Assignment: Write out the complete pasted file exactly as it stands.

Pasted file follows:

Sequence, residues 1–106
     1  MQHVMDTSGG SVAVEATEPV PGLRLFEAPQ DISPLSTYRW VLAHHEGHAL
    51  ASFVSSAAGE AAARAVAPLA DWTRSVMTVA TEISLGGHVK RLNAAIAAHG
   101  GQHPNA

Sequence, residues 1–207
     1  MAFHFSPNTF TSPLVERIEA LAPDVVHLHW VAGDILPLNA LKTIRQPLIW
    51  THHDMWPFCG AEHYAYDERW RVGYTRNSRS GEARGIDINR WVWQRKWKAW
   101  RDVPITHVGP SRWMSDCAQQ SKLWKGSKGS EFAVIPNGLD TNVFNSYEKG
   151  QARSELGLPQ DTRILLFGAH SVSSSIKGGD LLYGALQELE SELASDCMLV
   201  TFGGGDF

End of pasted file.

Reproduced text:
Sequence, residues 1–106
     1  MQHVMDTSGG SVAVEATEPV PGLRLFEAPQ DISPLSTYRW VLAHHEGHAL
    51  ASFVSSAAGE AAARAVAPLA DWTRSVMTVA TEISLGGHVK RLNAAIAAHG
   101  GQHPNA

Sequence, residues 1–207
     1  MAFHFSPNTF TSPLVERIEA LAPDVVHLHW VAGDILPLNA LKTIRQPLIW
    51  THHDMWPFCG AEHYAYDERW RVGYTRNSRS GEARGIDINR WVWQRKWKAW
   101  RDVPITHVGP SRWMSDCAQQ SKLWKGSKGS EFAVIPNGLD TNVFNSYEKG
   151  QARSELGLPQ DTRILLFGAH SVSSSIKGGD LLYGALQELE SELASDCMLV
   201  TFGGGDF